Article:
May is over and it’s time for our monthly #SiPgoes53 review. Last month we explored Carrie Fisher, Haruki Murakami, Florence Nightingale, Anton Corbijn, and Leonardo Da Vinci. It’s time to look at your entries that caught our eyes on Instagram.

(If you want to join in the SiPgoes53 series you can still join at your own pace and leisure. Just tag along and creatively explore our handpicked 52 humans. One every week.)

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Week 23 – Christopher Lee

For this week of #SiPgoes53, we’re starting the month of June with another movie celebrity, Christopher Lee.

The actor

Christopher Lee has a cinematic career spanning almost 7 decades. He is best known for his iconic roles as a villain. Most notably, Dracula for the oldest ones, Count Dooku and Saruman for the youngest ones. In addition, he’s also known for playing other villains such as the Creature of Frankenstein, Lord Summerisle, Sir Henry Baskerville or Francisco Scaramanga.

One key feature of Christopher Lee such was his iconic strong deep voice which led him to also to voice acting. I can only recommend listening to the beautiful original poem of the Nightmare Before Christmas he narrated.

Although limited by his age, Christopher Lee continued acting until passing away 4 years ago (on Friday) at the age of 93.

I always ask myself ‘well, what else could I do?’. Making films has never just been a job to me, it is my life. I have some interests outside of acting – I sing and I’ve written books, for instance – but acting is what keeps me going, it’s what I do, it gives life purpose.

Christopher Lee

The singer

To me, Christopher Lee is also of importance for his work as a music singer and narrator, and in particular as the oldest Heavy Metal singer. Having grown up with French dubs of Star Wars and the Lord of the Rings, I actually heard Christopher Lee’s true voice for the first time as a teenager while listening to Rhapsody’s Magic of the Wizard’s Dream.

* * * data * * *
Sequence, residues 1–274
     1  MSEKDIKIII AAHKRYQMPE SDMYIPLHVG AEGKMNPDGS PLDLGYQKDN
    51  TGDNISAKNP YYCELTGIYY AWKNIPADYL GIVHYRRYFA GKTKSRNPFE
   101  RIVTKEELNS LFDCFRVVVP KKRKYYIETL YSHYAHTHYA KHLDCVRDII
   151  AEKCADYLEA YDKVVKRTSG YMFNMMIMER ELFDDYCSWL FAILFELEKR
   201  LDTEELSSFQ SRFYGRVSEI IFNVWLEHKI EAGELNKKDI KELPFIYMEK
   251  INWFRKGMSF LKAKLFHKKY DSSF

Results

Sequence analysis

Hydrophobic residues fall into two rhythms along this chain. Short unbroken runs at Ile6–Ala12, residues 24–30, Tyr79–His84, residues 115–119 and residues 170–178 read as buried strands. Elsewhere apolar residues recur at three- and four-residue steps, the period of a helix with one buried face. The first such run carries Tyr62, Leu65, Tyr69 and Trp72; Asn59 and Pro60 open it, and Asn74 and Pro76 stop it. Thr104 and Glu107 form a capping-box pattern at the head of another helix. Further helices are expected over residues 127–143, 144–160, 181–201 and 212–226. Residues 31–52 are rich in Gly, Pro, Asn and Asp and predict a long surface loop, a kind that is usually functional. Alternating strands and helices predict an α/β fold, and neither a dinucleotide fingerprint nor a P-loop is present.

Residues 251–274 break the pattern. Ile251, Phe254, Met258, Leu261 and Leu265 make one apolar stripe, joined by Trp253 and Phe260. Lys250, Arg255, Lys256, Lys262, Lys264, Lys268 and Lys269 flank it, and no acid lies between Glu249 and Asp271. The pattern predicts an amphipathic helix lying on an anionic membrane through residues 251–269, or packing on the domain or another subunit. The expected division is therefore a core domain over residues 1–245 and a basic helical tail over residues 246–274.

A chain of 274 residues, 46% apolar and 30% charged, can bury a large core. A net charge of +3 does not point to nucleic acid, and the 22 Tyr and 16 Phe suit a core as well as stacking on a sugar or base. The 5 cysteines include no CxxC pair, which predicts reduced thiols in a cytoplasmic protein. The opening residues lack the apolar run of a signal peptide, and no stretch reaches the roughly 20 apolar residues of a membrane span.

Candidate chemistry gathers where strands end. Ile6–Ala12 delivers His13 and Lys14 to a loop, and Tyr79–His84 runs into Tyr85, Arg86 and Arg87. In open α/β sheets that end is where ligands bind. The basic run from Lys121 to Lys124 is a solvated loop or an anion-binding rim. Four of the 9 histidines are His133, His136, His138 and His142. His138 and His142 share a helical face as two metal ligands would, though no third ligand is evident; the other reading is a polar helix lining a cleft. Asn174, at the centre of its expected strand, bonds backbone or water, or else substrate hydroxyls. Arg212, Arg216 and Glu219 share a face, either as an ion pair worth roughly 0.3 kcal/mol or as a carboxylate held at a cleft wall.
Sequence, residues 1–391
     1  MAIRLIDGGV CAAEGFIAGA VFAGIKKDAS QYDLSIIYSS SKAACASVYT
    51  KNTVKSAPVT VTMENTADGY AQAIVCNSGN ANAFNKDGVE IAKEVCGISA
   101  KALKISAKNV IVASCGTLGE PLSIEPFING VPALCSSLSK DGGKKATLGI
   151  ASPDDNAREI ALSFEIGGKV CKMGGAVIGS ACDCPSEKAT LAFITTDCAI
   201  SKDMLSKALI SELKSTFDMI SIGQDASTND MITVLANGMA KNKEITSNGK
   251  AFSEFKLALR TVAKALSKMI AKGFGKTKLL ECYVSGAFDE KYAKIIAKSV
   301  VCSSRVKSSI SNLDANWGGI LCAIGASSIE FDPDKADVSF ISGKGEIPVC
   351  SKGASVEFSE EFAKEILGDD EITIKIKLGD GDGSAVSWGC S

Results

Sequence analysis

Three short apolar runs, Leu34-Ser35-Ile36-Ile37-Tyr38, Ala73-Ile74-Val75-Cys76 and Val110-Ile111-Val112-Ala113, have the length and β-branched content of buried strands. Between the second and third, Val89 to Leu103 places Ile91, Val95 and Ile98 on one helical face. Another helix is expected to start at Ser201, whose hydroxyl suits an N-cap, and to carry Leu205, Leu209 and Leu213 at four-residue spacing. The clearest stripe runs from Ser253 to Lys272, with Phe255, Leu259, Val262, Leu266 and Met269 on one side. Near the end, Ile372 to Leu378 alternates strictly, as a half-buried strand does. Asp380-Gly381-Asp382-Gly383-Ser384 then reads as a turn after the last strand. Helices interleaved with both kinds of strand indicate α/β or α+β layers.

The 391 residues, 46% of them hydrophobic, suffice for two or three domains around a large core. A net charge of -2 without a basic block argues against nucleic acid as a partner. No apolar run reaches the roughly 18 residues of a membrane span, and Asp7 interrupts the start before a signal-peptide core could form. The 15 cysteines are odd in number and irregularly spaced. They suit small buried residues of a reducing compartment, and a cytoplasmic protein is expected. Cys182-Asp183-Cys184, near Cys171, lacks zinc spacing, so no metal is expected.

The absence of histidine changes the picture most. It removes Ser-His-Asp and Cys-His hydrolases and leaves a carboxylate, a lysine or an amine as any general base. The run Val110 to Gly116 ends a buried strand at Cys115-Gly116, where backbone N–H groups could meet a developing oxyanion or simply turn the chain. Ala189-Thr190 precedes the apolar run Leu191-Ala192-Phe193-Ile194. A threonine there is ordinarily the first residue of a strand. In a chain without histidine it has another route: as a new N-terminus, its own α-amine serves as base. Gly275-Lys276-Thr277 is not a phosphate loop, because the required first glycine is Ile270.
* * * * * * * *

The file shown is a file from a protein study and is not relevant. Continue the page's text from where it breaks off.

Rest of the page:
Following this first collaboration with a Heavy Metal band, he continued to do narration work for Rhapsody. (I can only warmly recommend the wonderful 16-minute long “Mystic Prophecy of the Demon Knight” which ends with Lee’s beautiful narration.) Later he also replaced Orson Welles as the narrator of Manowar’s re-recording of their first album. His last musical appearance was as the narrator on the opening track of Hollywood Vampires, a rock band formed of Alice Cooper, Johnny Depp, and Joe Perry.

But next to these collaborations with existing bands, Christopher Lee also ended up with his own personal project and released two concept albums about Charlemagne. He even became the oldest person to enter the Billboard Hot 100 chart with his heavy metal version of Jingle Bell.

My Elven Charlemagne, inspired by the cheesy but never tiresome video clip of the Bloody Verdict of Verden.

Your image

What will you create for this week? Which aspect, or role, of Christopher’s Lee life will you reuse? Let us know and don’t forget to tag your photos on social media with #SiPgoes53 and #SiP_Christopher_Lee.

Week 22 – Leonardo Da Vinci

Leonardo Da Vinci, another brilliant mind that is so famous it seems pointless to present him. Yet while his “Mona Lisa” could be the most famous painting in the world, Da Vinci was a lot more than a brilliant painter. Inventor, drawer, writer, sculptor, engineer, mathematician, and so much more. Da Vinci is the ultimate example of someone who was truly interested in anything with a neverending curiosity and imagination.

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Arabian Nights

Last time, my first post about the new Disney minifigures was about relatively new Disney characters. Now it’s time to look at older characters. In particular, the ones from my childhood.

One of my favorite Disney movies, if not my all-time favorite, is Aladdin. Mostly because of its villain who fascinated me during my childhood.

In company of my brother, ready to celebrate carnival some 25 years ago.

Upon the release of the first Disney series, my disappointment was strong to see Aladdin and Genie, but no Jafar. I had no hope to see him as part of a second wave. Yet it happened. (Most likely thanks to the live-action adaptation to be released in a few weeks.)